They will get plenty of northerlies this week sending them quickly north of the exclusion zone and into their Southern Pacific ride.

Guy Waites (GBR) has been battling consistent heavy weather the past four days under Australia with more to come. He has been sailing under bare poles towing warps often. Another large low-pressure is on the way with 11mtr seas and 50-60 knot winds forecast. Waites is tired, but getting ready. He confirmed all is well onboard Sagarmatha and looking forward to a break. He did not make the mandatory Hobart gate on time, and will be retired from the GGR once passing the longitude of Hobart.

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Credit for helping with rescue of Tapio Lehtinen:
• Kirsten Neuschäfer: 35 hours + 30 litres of fuel
• Abhilash Tomy: 12hrs

2022 GGR Class:
Abhilash Tomy (43) / India / Rustler 36
Ian Herbert Jones (52) / UK / Tradewind 35
Kirsten Neuschäfer (39) / South Africa / Cape George 36
Michael Guggenberger (44) / Austria / Biscay 36

2022 GGR Chichester Class:*
Guy Waites (54) / UK / Tradewind 35 (stopped in Cape Town to clean/paint hull)
Jeremy Bagshaw (59) / South Africa / OE32 (stopped in Hobart to clean hull)
Simon Curwen (63) / UK / Biscay 36 (will stop to repair windvane)
* Competitors shift to this class by making one stop.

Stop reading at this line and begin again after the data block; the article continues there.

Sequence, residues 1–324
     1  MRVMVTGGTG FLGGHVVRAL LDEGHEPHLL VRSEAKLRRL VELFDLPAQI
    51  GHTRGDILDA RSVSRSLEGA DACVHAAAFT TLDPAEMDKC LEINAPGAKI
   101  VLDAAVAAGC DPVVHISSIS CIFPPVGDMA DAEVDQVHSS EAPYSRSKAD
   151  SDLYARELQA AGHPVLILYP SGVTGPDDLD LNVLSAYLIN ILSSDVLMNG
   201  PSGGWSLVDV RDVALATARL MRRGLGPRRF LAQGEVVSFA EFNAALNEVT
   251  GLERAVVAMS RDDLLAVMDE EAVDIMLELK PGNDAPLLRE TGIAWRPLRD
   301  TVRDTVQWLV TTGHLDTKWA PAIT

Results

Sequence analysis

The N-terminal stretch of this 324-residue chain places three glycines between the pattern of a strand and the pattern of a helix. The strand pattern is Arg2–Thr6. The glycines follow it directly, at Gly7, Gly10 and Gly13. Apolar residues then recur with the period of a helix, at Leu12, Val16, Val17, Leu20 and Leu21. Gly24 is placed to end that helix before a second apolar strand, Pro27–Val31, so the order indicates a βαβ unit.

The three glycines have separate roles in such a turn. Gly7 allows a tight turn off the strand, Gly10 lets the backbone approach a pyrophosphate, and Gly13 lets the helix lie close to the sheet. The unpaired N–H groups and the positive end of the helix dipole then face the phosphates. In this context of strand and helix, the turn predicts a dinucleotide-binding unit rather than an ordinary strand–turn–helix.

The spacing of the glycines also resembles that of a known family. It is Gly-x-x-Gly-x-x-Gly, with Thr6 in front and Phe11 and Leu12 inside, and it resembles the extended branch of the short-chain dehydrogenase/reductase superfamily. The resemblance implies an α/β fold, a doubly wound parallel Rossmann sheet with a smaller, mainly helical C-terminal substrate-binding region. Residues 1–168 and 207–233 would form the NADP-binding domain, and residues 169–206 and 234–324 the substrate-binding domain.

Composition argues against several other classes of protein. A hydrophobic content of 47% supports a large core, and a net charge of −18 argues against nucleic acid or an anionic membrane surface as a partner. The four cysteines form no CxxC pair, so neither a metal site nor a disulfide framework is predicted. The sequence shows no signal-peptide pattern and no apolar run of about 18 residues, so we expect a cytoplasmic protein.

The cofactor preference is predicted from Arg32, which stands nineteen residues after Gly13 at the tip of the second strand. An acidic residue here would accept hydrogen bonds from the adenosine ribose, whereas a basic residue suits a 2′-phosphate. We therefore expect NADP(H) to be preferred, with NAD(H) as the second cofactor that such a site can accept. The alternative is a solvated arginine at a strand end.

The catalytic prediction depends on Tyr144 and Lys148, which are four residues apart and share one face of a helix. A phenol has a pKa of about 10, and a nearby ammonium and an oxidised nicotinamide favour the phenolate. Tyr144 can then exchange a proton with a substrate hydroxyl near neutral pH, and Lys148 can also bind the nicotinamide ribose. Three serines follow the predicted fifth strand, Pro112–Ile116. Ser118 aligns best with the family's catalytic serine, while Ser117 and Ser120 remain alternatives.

Edward Walentynowicz (68) / Canada / Rustler 36 (dropped out, Sept. 8)
Guy deBoer (66) / USA / Tashiba 36 (ran aground, Sept. 16)
Mark Sinclair (63) / Australia / Lello 34 (retired in Lanzarote, Sept. 22)
Pat Lawless (66) / Ireland / Saga 36 (retired in Cape Town, Nov. 9)
Damien Guillou (39) / France / Rustler 36 (retired in Cape Town, Nov. 14)
Ertan Beskardes (60) / UK / Rustler 36 (retired in Cape Town, Nov. 16)
Tapio Lehtinen (64) / Finland / Gaia 36 Masthead sloop (sank off Cape Town, Nov. 18)
Arnaud Gaist (50) / France / BARBICAN 33 MKII-long keel version (retired near Saint Helena, Dec. 9)
Elliott Smith (27) / USA / Gale Force 34 (retired, Dec. 20)

About the 2022 Golden Globe Race
On September 4, 2022, the third edition of the Golden Globe Race started from Les Sables d’Olonne, France. Sixteen skippers will face eight months of isolation sailing 30,000 miles before finishing in Les Sables d’Olonne. Along the route there are several marks of the course and media requirements.

In 1968, while man was preparing to take his first steps on the moon, a mild mannered and modest young man was setting out on his own record breaking voyage of discovery. He had entered the original Golden Globe. Nine men started that first solo non-stop sailing race around the World. Only one finished. He was 29 year old Sir Robin Knox Johnston. History was made. Navigating only with a sextant, paper charts and an accurate and reliable time piece, Sir Robin navigated around the world.

In 2018, to celebrate 50 years since that first record breaking achievement, the Golden Globe Race was resurrected. It instantly gained traction with adventurers, captivated by the spirit and opportunity. Eighteen started with five finishers.

To embrace the original race, competitors must sail in production boats between 32 and 36 feet overall and designed prior to 1988 that have a full-length keel with rudder attached to their trailing edge. Additionally, sailors have limited communication equipment and can use only sextants, paper charts, wind up clocks, and cassette tapes for music.

Source: GGR